Tuesday 28 September 2021

Recommendations For Tourists Visiting or Foreigners Living In Costa Rica

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Graphic by La Nacion from information by the National Hurricane Center and the Instituto Meteorologico Nacional (IMN)
Graphic by La Nacion from information by the National Hurricane Center and the Instituto Meteorologico Nacional (IMN)

Q COSTA RICA – All visitors and foreigners living in Costa Rica should take precautions against the possibility of heavy rains, strong winds, flooding, and mudslides throughout Costa Rica as a result of Hurricane Otto.

Otto is currently located east of Puerto Limon in the Caribbean Sea and is approaching Costa Rica and Nicaragua.  It is expected to make landfall by Wednesday night (November 23).

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Costa Rica has a three-level warning system (Green, Yellow, and Red), and the Costa Rica National Emergency Commission (Comision Nacional de Emergencias, or CNE) reports that a Red alert (the highest) is in place in Costa Rica’s Caribbean region and northern zone. A Yellow alert is in effect for the rest of the country.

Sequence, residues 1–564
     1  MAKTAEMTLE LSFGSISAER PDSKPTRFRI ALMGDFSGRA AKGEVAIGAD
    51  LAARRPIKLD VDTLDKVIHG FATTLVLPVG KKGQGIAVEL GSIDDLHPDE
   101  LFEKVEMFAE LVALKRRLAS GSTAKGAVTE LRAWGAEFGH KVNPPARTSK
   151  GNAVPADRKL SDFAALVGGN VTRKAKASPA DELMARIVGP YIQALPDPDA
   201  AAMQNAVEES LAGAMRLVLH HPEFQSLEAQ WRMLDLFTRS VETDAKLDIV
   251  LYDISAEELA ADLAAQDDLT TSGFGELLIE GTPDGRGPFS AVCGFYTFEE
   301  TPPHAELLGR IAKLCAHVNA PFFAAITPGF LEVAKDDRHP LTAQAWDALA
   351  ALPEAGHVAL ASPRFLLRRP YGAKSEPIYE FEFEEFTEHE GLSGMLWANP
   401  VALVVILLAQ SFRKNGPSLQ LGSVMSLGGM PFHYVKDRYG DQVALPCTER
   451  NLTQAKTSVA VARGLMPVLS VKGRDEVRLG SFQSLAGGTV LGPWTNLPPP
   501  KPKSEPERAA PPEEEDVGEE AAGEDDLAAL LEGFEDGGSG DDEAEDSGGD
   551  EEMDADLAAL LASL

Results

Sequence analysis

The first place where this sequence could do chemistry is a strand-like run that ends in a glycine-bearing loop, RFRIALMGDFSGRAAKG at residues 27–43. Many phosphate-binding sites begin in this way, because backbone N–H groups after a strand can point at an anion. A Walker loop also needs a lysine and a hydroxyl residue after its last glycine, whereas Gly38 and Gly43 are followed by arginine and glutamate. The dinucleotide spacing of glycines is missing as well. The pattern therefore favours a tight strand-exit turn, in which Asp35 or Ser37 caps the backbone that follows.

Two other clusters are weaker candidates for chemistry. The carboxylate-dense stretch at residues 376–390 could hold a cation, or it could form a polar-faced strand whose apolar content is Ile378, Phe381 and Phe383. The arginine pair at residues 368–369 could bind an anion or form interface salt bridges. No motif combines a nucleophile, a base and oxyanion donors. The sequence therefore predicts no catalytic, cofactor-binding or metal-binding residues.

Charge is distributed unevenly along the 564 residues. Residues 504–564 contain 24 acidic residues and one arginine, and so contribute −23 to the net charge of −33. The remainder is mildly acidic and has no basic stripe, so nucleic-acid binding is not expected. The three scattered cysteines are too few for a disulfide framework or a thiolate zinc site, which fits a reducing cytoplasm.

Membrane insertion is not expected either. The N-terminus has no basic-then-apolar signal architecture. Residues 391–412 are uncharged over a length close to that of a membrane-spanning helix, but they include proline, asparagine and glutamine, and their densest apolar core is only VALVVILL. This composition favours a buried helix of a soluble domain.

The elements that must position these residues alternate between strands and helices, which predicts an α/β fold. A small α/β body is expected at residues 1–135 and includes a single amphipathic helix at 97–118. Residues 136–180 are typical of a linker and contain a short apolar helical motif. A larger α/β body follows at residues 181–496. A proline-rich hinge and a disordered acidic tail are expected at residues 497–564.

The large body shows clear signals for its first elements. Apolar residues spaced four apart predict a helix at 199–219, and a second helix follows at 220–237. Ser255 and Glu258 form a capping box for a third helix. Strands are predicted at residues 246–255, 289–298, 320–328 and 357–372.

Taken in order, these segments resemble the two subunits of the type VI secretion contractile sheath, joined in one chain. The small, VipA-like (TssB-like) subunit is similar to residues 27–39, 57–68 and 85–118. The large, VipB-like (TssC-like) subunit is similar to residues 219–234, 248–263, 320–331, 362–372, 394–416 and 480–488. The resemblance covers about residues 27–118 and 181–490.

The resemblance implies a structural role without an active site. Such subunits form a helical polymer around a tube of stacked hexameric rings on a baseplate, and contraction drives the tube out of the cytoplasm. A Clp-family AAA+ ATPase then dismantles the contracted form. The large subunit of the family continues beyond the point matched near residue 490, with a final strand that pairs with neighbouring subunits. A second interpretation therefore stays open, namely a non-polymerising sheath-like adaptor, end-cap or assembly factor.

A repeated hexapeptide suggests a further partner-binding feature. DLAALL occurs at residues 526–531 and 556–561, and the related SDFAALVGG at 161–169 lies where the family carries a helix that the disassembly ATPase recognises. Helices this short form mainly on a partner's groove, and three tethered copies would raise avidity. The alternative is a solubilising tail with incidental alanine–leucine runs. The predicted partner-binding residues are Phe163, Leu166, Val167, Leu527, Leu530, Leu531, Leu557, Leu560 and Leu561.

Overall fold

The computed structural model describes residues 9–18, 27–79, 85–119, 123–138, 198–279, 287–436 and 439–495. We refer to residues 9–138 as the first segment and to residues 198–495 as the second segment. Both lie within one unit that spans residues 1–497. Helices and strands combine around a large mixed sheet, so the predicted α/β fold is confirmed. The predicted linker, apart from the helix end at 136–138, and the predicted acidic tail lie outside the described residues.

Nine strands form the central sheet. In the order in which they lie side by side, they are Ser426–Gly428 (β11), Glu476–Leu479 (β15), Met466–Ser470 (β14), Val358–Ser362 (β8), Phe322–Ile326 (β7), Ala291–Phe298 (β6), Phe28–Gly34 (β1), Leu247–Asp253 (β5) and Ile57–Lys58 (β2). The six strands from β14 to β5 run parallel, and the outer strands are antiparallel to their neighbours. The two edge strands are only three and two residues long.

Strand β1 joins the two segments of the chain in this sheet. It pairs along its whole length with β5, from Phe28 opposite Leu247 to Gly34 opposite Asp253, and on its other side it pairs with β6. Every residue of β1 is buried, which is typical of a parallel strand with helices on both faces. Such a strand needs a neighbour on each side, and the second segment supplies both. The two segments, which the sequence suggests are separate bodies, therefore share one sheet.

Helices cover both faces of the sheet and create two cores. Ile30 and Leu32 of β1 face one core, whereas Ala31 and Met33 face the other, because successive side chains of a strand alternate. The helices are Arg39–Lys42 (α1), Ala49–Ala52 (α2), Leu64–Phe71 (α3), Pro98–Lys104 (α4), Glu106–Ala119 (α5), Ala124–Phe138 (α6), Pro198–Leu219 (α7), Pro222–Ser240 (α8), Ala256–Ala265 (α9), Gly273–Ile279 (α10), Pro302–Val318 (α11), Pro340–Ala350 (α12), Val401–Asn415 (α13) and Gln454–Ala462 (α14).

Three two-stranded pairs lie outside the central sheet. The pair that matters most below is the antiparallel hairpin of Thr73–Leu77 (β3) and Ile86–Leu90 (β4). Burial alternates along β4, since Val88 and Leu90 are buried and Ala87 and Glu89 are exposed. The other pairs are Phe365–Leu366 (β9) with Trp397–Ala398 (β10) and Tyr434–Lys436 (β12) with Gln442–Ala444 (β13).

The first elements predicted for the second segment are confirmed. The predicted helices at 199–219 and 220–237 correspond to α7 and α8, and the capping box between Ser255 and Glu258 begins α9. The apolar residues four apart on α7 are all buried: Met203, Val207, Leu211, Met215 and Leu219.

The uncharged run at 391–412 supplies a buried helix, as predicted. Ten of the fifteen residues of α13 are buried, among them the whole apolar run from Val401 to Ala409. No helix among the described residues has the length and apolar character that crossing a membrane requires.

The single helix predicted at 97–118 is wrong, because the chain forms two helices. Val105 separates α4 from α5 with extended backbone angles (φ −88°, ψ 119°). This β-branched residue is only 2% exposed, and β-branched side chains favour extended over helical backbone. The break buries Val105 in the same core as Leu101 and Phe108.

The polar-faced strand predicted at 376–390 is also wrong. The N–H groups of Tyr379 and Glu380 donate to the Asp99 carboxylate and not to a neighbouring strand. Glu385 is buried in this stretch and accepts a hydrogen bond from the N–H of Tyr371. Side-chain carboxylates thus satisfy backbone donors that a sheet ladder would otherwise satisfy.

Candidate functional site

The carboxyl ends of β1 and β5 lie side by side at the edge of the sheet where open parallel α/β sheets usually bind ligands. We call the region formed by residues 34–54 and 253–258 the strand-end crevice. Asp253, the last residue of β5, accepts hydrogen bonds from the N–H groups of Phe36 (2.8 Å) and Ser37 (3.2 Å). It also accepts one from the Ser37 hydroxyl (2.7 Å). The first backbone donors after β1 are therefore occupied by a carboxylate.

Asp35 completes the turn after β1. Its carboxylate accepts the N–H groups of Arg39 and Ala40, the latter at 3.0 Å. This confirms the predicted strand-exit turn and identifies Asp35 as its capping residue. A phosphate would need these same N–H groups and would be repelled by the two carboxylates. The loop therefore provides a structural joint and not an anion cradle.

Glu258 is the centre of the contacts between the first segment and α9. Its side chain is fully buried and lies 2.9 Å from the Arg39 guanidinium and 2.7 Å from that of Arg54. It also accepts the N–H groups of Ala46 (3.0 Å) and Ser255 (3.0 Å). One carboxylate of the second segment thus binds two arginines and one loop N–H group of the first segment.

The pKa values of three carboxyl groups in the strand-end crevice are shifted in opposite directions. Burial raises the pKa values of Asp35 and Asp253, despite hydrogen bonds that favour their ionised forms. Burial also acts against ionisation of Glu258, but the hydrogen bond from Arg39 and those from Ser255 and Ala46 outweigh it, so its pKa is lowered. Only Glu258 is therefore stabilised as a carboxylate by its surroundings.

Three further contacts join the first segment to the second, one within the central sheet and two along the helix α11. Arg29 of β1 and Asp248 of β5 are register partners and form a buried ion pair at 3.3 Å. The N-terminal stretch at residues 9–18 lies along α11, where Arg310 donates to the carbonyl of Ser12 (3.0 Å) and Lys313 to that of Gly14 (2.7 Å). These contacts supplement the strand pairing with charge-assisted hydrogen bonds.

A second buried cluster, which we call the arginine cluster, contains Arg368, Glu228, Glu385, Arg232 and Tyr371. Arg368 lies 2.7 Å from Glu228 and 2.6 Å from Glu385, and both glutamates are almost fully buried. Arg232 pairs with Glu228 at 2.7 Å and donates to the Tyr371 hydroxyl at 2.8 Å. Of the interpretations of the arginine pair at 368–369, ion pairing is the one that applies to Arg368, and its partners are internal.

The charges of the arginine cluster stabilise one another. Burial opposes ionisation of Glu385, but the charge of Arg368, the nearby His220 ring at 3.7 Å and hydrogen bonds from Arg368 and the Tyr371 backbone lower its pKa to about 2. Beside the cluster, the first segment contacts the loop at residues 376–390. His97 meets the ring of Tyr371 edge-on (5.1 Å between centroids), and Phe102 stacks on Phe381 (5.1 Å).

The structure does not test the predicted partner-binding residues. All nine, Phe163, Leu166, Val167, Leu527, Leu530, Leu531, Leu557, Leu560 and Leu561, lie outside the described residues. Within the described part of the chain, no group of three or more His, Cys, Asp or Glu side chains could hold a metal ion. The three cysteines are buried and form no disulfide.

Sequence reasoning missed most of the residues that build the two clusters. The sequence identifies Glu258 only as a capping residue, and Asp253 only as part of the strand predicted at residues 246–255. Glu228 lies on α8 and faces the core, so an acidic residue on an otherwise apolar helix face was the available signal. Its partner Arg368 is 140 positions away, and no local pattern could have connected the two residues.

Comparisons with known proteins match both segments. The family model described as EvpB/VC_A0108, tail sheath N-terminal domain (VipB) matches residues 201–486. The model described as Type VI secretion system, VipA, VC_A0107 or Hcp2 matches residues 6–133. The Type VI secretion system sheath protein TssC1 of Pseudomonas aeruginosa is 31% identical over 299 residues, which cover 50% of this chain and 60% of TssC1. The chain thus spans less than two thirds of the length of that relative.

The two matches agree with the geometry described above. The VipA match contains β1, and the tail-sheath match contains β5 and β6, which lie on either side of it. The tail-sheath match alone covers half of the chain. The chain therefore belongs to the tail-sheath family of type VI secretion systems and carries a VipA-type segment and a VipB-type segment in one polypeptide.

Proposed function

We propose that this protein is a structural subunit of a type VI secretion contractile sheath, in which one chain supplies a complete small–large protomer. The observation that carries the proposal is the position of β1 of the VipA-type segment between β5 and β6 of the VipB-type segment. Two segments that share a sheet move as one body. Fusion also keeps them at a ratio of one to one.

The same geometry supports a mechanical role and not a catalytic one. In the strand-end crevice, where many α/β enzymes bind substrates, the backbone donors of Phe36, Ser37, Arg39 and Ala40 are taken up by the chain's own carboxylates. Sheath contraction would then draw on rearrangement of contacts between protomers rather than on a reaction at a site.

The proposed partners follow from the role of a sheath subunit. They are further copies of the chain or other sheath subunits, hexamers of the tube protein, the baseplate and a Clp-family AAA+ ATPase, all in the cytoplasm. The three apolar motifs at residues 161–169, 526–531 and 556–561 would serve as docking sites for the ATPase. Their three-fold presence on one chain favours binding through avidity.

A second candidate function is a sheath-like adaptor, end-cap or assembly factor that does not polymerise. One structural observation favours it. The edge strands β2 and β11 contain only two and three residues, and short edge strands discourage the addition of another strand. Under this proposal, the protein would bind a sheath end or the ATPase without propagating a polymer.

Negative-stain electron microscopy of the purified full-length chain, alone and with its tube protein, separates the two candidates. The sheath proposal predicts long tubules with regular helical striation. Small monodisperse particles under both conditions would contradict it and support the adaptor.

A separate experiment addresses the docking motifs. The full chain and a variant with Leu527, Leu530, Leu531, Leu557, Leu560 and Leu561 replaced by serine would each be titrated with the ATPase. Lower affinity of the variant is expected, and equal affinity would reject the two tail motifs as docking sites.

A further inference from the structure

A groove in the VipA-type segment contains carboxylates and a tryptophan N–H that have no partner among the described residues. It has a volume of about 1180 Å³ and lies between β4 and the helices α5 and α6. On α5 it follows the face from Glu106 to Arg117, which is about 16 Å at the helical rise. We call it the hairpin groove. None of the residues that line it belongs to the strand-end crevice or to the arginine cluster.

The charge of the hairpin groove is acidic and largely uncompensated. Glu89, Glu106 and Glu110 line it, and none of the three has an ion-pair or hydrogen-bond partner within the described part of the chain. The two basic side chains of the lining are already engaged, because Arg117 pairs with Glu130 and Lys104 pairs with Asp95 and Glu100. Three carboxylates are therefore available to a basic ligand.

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Tuesday morning (November 22) the government ordered the mandatory evacuation of the northern Caribbean region.  These areas include Tortuguero, Barra de Parismina, Boca Tapada, Boca Pacuare, Barra del Colorado, and Calero. Visitors are advised to avoid these areas. Caution should be exercised in all other areas, as the hurricane may affect the entire county for several days as roads and river condition may worsen.

Travel should be limited to the Central Valley area as of today (Wednesday) and through the weekend.

 

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Be advised to monitor local media for updates or possible changes to weather conditions and to follow any instructions and/or warnings.

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Preparations to protect life and property in any storm or weather-related event should be considered.

  • Foreigners visiting the country should carry their travel documents (i.e. passport) with them at all times or secure them by placing them in a safe, waterproof location.  If you must travel during this time, please take reasonable precautions such as avoiding entering swiftly moving water.
  • Drivers should remain vigilant for possible landslides, flooding, and reduced visibility, particularly in mountainous areas.
  • Due to the potential severity of the storm, power outages are a possibility, and communications systems, including cell phones, may be affected in certain areas.

To follow the storm’s path and follow updates, please visit the National Hurricane center website (http://www.nhc.noaa.gov/gtwo.php?basin=atlc&fdays=2 , the Costa Rica National Emergency Commission (CNE) website http://www.cne.go.cr, and the CNE Facebook page https://www.facebook.com/CNECostaRica/.